800.511.2009

Poster Design Layout Ideas for Marketing

If you’re a graphic designer or marketer, you know that compelling poster design layout ideas can be hard to come by. It seems everyone’s an expert, but few really know how to visually tantalize the senses, evoke emotions and motivate action. There are four basic components of successful posters, though they’re not all always present in every poster printed: headline, images/graphics, body copy and call to action. Here, we’ll offer poster design layout ideas for each component so you can design, print, and distribute powerful posters that sell.

Headline

Your poster headline is one of the most important components, and in many cases it represents the only text on your poster. Your headline should be compelling in message, for sure, but you also need to make sure it’s easily read through large fonts, striking typeface and powerful positioning. Naturally, poster headlines can be at the top of your poster design, but they can also be on the bottom, in the middle or even typed vertically up or down the sides. There is no limit to where you can place your poster headline, and sometimes the most creative positioning gets the most attention. All that is important is that your headline is easily read.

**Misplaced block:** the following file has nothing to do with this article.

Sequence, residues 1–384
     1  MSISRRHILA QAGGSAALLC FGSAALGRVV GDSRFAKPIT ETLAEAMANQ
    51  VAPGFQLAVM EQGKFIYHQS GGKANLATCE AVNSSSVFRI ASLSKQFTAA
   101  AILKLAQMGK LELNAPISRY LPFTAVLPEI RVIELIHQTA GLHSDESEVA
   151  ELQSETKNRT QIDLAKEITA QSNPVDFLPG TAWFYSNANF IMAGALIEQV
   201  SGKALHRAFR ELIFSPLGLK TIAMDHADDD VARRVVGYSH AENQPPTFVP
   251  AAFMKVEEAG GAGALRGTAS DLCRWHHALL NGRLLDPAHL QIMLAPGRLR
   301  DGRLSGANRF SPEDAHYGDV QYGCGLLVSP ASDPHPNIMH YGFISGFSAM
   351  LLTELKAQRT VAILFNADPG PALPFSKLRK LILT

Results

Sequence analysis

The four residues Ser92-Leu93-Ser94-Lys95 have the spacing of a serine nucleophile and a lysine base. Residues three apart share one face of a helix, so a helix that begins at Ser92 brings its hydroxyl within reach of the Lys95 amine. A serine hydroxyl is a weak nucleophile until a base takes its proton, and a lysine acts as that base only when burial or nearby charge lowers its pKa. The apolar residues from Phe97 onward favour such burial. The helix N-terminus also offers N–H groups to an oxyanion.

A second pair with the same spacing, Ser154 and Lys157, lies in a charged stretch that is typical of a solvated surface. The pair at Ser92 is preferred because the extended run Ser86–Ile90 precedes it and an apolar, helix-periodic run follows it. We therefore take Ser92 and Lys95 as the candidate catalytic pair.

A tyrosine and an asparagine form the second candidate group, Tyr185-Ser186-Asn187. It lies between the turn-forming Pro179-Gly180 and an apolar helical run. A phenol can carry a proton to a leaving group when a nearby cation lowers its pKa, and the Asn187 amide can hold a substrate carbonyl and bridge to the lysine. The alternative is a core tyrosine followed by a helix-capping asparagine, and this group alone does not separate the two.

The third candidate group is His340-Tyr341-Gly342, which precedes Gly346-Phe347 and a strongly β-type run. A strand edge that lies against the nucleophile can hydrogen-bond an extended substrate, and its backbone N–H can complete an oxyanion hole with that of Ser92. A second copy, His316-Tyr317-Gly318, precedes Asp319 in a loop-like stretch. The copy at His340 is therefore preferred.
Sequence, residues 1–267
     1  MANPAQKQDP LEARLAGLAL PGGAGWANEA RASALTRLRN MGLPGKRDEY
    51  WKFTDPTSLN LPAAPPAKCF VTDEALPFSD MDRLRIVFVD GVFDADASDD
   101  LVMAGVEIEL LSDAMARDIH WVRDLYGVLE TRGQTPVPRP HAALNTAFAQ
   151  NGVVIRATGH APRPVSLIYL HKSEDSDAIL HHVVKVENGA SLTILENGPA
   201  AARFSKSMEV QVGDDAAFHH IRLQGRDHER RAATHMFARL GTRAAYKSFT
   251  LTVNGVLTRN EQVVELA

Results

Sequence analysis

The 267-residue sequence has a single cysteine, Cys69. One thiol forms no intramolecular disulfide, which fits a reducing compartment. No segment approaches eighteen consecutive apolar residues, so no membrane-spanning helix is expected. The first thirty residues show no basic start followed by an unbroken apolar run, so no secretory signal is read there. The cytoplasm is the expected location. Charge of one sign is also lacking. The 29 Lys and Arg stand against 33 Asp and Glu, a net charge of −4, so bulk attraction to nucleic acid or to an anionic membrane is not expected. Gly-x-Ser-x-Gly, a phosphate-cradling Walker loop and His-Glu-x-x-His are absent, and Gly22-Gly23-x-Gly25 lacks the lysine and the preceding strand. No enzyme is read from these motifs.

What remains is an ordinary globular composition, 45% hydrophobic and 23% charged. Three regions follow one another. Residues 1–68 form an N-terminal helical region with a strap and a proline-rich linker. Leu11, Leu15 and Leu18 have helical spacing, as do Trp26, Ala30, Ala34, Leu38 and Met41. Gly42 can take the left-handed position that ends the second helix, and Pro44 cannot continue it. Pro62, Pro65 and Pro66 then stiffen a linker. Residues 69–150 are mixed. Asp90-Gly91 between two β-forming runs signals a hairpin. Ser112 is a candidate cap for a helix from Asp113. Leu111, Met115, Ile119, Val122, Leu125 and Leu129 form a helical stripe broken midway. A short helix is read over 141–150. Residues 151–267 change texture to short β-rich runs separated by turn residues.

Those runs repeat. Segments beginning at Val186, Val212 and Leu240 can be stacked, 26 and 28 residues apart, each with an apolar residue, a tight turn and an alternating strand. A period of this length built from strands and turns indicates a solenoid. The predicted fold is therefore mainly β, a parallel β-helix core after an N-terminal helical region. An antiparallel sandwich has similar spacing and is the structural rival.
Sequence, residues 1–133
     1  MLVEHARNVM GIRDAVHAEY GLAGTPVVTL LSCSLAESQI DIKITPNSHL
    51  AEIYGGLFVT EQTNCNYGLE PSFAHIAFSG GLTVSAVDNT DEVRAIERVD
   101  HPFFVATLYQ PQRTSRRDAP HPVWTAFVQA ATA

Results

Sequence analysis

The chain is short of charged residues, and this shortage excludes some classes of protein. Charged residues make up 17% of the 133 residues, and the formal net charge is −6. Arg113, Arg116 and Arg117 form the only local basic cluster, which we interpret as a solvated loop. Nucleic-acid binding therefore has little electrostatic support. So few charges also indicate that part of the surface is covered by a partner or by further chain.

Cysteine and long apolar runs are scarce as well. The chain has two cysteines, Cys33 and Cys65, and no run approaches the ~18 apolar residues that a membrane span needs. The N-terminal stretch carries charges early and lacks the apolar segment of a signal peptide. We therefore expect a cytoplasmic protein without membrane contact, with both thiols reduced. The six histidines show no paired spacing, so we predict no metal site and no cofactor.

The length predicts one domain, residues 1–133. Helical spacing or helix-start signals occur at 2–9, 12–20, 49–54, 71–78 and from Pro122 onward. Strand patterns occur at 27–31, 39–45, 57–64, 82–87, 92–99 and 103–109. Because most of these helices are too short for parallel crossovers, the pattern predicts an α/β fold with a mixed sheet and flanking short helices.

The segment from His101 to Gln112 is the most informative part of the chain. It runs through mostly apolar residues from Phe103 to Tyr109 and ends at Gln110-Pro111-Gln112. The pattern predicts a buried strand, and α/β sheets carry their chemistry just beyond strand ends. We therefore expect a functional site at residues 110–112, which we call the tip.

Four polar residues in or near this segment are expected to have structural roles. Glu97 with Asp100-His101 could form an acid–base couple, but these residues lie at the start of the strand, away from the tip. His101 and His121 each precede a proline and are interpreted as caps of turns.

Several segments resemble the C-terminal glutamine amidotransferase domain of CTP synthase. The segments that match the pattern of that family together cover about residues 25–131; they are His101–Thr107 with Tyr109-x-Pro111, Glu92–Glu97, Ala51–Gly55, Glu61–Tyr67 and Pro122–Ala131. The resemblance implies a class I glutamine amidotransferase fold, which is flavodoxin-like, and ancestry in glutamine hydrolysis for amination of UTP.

Images/graphics

When it comes to poster design layout ideas, many will argue that bigger is better when it comes to images in graphics. However, in some cases small images, icons, logos and other graphics are more powerful. You’ve seen the art nouveau posters that include some text, a bare or patterned background, and a single small image component in the center. This works, because it is different and intriguing. Other off-center uses, such as a character leaning in from the poster border or looking down from the top of your poster, are equally powerful. This isn’t to say you can’t center a large image or even create an image collage that takes up your entire poster design – only that you’re not limited. Just like your headline, what is important is that your message is cohesive and clear.

Body copy

Some posters have no body copy at all, but for those that do it’s important that it doesn’t take up too much space. A couple of paragraphs or a few bulleted points will do the trick. Your goal is to make your entire poster easily readable in less than 10 seconds. Body copy can be positioned anywhere, but copy centered near the center or bottom of your poster is generally the most logical. In most cases your body copy should be somewhere underneath your headline to provide logical order and easy-to-read flow for passers-by.

Call to action

Not all posters include a call to action and of those that do in many cases the headline is the call to action. Still others include separate headlines, body copy and calls to action. No matter how you decide to present your call to action, be sure to place it in a prominent, easy-to-read position. Remember that the goal is to motivate customers to take the next step in the purchasing process (or some other action, depending on your organization), so you want your poster readers to recognize what the next step and how to complete it at a glance.

Comments are closed.